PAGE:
We were offered a ride along the Mekong on a speedboat. We watched these boats for a bit from the shore and figured we would not be entertained by banging around the river in a sort of banana boat so we gave that a pass. Across the river you could see the jungle of Laos, and a few casinos at the shore line. I was wondering, does Stanly Ho know about these, maybe it would be a good place for him to build yet another temple of gambling.

We continued our way onwards stopping at another temple along the river side, the Phra That Doi Pu Khao. The temple was actually the foundation of a very old and ancient temple. On top of this the monks have build a wooden structure to shelter the foundation. The building covered in the woods forms quite an intriguing and serene whole.

We are very much behind on our schedule. We should be arriving back at Chiang Mai around eight. It is now just about six and we are still around three hours from Chiang Mai and still have to go for dinner somewhere. We stop in the town of Chiang Rai, where we find a nice local eatery. Although the place was a local eatery there were quite a few foreigners here. It must be featured in the Lonely Planet or something like that. Luckily the 'backpackers hall of fame' did not affect the quality of the food here.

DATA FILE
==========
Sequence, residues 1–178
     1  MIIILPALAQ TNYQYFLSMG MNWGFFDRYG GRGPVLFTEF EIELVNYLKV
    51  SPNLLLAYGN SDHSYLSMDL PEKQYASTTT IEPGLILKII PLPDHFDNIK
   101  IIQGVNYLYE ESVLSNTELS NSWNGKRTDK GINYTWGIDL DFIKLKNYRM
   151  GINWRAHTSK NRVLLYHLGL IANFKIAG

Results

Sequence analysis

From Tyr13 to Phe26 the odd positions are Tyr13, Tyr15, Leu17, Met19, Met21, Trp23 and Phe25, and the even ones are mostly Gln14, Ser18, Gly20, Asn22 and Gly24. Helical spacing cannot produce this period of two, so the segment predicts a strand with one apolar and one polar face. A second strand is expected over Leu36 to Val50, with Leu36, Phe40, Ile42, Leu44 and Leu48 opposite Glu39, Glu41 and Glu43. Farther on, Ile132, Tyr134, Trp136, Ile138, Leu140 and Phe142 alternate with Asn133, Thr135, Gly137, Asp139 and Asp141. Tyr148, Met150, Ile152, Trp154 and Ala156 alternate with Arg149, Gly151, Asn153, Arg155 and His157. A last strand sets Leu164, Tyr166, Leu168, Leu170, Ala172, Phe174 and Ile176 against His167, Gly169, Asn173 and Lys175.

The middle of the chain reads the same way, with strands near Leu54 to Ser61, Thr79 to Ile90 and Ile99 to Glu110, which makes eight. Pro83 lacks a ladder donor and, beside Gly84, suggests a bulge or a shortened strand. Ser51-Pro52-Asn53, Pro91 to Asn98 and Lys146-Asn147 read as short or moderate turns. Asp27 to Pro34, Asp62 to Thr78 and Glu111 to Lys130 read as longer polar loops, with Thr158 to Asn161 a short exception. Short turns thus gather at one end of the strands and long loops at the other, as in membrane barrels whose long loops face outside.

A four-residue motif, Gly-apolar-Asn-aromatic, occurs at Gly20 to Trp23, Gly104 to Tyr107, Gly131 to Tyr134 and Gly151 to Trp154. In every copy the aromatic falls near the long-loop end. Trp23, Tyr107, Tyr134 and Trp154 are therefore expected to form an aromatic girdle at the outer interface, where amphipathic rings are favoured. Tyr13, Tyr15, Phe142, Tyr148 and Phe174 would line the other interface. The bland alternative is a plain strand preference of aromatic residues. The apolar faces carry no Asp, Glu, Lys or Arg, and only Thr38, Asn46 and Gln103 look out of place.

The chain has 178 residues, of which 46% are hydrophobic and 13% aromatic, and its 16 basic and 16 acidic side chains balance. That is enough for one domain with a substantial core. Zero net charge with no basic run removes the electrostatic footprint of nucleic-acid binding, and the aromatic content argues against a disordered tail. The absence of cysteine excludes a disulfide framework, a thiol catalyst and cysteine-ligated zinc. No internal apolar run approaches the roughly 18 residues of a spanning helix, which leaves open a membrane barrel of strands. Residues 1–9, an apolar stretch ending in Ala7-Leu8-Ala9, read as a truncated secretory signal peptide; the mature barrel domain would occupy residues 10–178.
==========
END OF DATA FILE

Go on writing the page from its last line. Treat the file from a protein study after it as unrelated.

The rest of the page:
With our stomach filled we dozed off in the car as our driver drove us back to Chiang Mai. A long journey in the dark, through the pitch black rice fields and over the winding roads of the mountains. We arrived back at the hotel around ten o'clock, and were welcomed by the night guard whom courteously showed us to our room.